Suisun Creek Watershed Program

The Suisun Creek watershed encompasses 53 square miles in Napa and Solano counties. Three major creeks—White Creek, Wooden Valley Creek, and Suisun Creek—drain a watershed of steep, mountainous terrain and several large valleys into the Suisun Marsh and Suisun Bay. Steelhead trout (Oncorhynchus mykiss), a federally listed threatened species, have been found in the three main creeks of the watershed. This watershed has been named one of the primary “anchor” watershed streams with essential habitat for steelhead trout in the Bay area (CEMAR 2007). The City of Vallejo owns and operates the 10,000 acre-foot Lake Curry located on the northern end of Suisun Creek.  Land use in the watershed is almost entirely rural: cattle grazing and irrigated agriculture consisting of winegrapes, fruit and nut orchards and row crops. The watershed has no urban areas.

In 2001 the California Sportfishing Protection Alliance (CSPA) working with Laurel Marcus & Associates (LMA) received a grant from the California State Coastal Conservancy to prepare a watershed enhancement plan for the Suisun Creek watershed. Water temperature, water quality, and geomorphic monitoring were carried out between 2001 and 2003. Mapping of riparian forest and field studies of aquatic habitats was also completed. Extensive landowner outreach was also completed. The Enhancement Plan identified a number of priority actions and projects including:

  • Restoring riparian forest on denuded channel areas to reduce water temperatures
  • Eradication of invasive species in the riparian corridor to enhance the corridor and reduce water temperatures and create wildlife habitat
    • Giant Reed (Arundo donax) mapping, eradication strategy and implementation of removal projects
    • Native riparian revegetation and invasive plant removal projects
  • Reducing fine sediment in creeks and improving land management measures using:
    • Farm Conservation Planning through the Fish Friendly Farming program
    • Community workshops for rural residential landowners
  • Evaluation of Lake Curry releases to enhance cold water habitat in Suisun Creek
  • Continued monitoring to identify additional needed projects and limiting factors for steelhead trout

In 2004 CSPA, working with LMA, received a grant from the CALFED Watershed Program for implementation of the recommendations of the watershed plan. In 2007 the Californian Land Stewardship Institute took over the Suisun Creek watershed program and received a variety of grant funds to implement the priorities of the watershed plan.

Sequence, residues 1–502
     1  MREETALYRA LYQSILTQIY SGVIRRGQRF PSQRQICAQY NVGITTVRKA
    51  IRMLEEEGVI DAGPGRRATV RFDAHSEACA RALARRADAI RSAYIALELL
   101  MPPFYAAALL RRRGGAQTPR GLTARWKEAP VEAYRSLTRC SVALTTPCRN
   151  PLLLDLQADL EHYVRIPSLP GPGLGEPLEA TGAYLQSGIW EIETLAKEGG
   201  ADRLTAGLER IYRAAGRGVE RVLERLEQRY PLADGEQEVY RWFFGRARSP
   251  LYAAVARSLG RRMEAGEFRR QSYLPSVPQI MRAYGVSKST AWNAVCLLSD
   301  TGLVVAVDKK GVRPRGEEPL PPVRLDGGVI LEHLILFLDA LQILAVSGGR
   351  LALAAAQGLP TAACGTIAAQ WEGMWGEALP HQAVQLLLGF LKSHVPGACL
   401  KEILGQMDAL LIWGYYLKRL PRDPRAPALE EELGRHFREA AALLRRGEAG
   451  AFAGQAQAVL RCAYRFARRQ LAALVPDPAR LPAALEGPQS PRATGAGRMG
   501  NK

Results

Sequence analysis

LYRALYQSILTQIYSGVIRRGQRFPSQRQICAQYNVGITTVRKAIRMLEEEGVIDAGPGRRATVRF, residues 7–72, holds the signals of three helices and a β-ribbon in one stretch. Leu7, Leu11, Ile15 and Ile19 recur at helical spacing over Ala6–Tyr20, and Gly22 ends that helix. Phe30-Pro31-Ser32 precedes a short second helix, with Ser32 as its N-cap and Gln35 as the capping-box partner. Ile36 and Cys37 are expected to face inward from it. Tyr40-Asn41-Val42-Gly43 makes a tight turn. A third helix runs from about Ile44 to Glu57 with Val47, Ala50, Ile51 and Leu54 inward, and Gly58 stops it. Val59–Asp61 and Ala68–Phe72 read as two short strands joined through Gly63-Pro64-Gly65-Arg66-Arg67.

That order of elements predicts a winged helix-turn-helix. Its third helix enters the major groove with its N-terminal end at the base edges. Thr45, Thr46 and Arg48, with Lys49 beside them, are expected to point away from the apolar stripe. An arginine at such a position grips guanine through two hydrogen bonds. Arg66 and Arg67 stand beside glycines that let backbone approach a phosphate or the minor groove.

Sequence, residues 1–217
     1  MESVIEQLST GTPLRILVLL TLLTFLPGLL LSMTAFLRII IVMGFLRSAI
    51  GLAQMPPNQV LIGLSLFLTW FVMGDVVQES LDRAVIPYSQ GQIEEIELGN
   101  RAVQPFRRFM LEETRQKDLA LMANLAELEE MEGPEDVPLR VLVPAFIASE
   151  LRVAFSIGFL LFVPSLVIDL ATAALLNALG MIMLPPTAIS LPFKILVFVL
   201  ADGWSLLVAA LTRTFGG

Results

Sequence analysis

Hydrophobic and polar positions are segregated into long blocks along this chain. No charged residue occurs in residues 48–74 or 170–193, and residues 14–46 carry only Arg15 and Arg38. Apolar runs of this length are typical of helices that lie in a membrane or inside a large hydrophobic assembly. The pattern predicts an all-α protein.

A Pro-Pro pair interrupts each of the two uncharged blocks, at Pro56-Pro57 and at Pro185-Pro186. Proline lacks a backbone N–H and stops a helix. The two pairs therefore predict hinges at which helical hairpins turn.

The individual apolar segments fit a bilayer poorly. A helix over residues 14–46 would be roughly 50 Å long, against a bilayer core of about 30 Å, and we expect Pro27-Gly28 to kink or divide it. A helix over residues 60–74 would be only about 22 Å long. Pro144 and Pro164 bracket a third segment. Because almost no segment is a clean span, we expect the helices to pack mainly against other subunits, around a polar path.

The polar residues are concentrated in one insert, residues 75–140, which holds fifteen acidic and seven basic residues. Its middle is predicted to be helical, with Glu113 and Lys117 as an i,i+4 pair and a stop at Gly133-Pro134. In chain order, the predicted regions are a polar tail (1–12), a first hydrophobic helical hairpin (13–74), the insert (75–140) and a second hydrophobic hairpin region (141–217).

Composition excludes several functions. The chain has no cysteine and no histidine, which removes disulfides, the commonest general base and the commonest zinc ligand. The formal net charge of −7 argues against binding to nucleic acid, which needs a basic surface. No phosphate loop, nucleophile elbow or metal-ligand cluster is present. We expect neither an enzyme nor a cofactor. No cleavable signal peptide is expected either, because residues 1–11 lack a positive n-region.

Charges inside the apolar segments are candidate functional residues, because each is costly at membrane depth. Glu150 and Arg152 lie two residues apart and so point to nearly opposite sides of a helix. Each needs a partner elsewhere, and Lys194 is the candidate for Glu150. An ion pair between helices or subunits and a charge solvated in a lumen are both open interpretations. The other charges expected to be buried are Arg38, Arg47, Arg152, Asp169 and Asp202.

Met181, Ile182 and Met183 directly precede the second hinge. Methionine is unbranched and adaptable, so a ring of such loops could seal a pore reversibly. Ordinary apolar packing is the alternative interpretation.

As of April 2012 the following projects have been completed or are underway:

  • Arundo removal and revegetation with native plants on 5 miles of Suisun Creek; ongoing removal is occurring on an additional 9 miles of Suisun Creek.
  • Removal of other invasive plants on all three creeks with installation of approximately 2,300 native plants and revegetation along three miles of Suisun and Wooden Valley Creeks; ongoing revegetation of White Creek.
  • An estimated 1,133 tons of sediment/year have been reduced through the implementation of BMPs on 3700 acres of agricultural lands enrolled in the Fish Friendly Farming Environmental Certification Program.
  • Survey for steelhead trout juveniles and predatory warm water fish species
  • Workshops for rural residents to reduce pollutants;
  • Workshops for farmers and ranchers on riparian revegetation and creek corridor management
  • Development of an engineering model to evaluate re-operation alternatives for Lake Curry with recommended next steps for implementation.
  • Ten years of monitoring of water quality and water temperature at 34 stations on Suisun Wooden Valley and White Creeks 
  • A 3month experiment involving monitoring of water temperatures at 16 stations and stream flow at 2 stations on Suisun Creek under various rates of water release from Lake Curry to evaluate effectiveness of Lake Curry releases on reducing water temperatures for steelhead trout.
  • Monitoring over a 10-year period of bed composition, channel form, gravel permeability and aquatic insects.
  • Quantitative assessment of riparian canopy cover for six miles of Suisun Creek
  • Quantitative assessment of erosion and sediment delivery along the primary public roads in the watershed including evaluation of all culverts.

CLSI continues to implement the watershed plan and move forward with additional projects and programs.